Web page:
The mining giants BHP Billiton and Rio Tinto are urging corporate Australia to lobby jointly for generous compensation and transition arrangements when the government eventually puts a price on carbon.
As the Greens yesterday slammed the companies as ”rent seekers”, the Prime Minister, Julia Gillard, put herself on a collision course with the minor party by backing the same compensation arrangements negotiated as part of the Rudd government’s failed emissions trading scheme.
”A lot of work was done by policy-makers in collaboration with stakeholders to design the various elements of the carbon pollution reduction scheme,” Ms Gillard said.
”It’s not my intention to throw all of that work out of the door. A lot of good work was done … about how to assist industry with the transition.”
Generous transitional and compensation arrangements for big polluters, worth $35 billion in the first 12 months, were a key reason the Greens used their Senate numbers to defeat the passage of the Rudd government’s ETS.
The government’s key climate-change adviser, Ross Garnaut, backs only limited compensation for industry and none for power generators.
The government is renegotiating with the Greens through the Multi-Party Committee on Climate Change with the aim of agreeing to a mechanism for pricing carbon by the end of this year.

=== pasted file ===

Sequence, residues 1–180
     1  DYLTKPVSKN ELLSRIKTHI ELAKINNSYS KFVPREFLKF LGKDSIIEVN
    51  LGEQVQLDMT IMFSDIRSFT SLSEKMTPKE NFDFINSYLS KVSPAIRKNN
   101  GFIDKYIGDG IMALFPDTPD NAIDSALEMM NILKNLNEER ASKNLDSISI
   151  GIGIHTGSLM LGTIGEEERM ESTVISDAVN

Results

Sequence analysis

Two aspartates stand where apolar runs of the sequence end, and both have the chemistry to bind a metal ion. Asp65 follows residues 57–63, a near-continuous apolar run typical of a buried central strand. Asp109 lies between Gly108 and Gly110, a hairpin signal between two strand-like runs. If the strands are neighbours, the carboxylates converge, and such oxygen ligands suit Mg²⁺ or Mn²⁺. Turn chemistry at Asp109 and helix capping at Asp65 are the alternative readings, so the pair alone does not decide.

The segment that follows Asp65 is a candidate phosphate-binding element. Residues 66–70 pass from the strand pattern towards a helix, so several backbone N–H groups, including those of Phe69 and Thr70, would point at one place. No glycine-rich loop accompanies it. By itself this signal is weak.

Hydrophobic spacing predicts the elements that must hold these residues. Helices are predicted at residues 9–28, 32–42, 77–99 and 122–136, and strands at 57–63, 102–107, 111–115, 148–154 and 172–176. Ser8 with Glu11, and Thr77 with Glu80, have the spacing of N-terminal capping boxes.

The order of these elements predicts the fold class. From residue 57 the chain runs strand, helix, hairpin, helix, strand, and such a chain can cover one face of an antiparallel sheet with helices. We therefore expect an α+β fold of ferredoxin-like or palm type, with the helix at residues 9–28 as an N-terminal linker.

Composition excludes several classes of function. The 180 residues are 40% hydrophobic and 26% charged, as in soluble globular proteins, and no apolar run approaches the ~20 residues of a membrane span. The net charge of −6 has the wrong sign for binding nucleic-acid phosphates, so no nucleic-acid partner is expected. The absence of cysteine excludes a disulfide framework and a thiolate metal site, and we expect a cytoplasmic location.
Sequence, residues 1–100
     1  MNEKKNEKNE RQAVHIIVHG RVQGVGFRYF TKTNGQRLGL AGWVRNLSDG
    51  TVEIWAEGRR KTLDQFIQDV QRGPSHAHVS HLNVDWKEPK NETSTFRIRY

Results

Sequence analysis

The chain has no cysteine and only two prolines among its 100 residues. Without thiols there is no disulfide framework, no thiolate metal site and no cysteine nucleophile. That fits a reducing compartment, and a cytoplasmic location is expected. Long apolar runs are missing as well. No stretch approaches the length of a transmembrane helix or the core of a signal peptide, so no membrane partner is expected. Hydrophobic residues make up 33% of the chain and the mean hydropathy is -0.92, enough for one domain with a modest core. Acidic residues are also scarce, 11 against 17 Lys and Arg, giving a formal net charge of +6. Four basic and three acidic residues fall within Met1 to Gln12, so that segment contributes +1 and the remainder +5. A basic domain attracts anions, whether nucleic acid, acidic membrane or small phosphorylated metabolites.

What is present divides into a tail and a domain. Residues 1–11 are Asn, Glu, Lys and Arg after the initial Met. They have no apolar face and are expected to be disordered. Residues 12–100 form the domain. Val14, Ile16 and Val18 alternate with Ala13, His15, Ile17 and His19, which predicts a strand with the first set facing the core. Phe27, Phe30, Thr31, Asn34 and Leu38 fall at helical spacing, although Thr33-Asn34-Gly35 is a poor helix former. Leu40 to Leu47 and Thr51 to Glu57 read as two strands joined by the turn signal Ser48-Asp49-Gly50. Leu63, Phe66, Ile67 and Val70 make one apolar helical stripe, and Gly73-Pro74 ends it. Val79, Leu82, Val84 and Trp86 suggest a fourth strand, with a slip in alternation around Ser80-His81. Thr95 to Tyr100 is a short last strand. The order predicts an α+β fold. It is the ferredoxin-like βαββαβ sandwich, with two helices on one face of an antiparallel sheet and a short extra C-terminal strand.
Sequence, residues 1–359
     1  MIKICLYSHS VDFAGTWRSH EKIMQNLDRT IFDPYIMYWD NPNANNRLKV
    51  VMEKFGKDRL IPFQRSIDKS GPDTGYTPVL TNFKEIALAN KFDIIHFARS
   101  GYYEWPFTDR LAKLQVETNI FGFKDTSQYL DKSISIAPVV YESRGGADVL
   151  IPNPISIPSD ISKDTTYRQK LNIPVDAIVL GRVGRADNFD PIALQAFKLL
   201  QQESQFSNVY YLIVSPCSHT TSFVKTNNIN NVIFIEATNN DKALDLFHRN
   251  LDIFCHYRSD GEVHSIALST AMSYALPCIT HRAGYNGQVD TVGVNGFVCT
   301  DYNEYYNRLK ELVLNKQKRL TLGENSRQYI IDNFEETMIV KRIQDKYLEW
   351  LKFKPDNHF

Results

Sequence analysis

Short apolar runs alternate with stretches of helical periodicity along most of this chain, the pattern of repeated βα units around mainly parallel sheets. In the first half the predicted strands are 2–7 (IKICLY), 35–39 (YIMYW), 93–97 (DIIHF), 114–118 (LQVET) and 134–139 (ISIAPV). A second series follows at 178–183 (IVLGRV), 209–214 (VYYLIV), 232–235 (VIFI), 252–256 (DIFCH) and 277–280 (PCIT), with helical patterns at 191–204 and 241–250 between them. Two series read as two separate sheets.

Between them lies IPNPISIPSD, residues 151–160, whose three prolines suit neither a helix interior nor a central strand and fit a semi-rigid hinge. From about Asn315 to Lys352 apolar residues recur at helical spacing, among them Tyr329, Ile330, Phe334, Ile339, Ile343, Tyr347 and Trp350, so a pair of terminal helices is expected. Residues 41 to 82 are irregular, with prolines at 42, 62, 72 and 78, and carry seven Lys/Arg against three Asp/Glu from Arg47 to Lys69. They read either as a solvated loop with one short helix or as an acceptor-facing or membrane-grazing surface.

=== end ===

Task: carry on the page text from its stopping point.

To contribute to its own input, the government has appointed a business roundtable comprised of executives from about 20 of the nation’s largest corporations including the big miners, Qantas, Woolworths, Shell, energy companies and the National Australia Bank.
The Treasurer, Wayne Swan, is scheduled to meet the roundtable again on Friday. A source familiar with the roundtable’s operations said BHP and Rio lobbyists have been contacting the other members in recent weeks urging them to dig in and present a united front on compensation.
The source said there was a general acceptance among business and industry there would be a price on carbon and that they should hold out as a minimum for the same compensation arrangements negotiated in the ETS.
The Greens senator Christine Milne, said the Greens would not accept these and Ms Gillard should remember the Greens, the independents and Professor Garnaut “all took a dim view of the rent-seeking that characterised the CPRS.”
She said the Greens would put forward suggestions based on solid economic and environmental principles, compensating trade-exposed industries for no more than their trade exposure and designing a package that drives transformation in the economy instead of holding it back.
”The ‘hard work’ that went into designing the industry package that the Parliament rejected twice, on the other hand, is best described as ‘the squeaky wheel gets the oil’.
”It’s reasonable to assume that won’t pass muster with a committee focused on getting the best result for the community and the planet.”
The other looming area of disagreement for the Greens and the government is the starting price for a tonne of carbon.
Sceptre Group Limited is a specialist investment firm focused on the promotion of green oil, bioenergy, associated green technologies and carbon credits.
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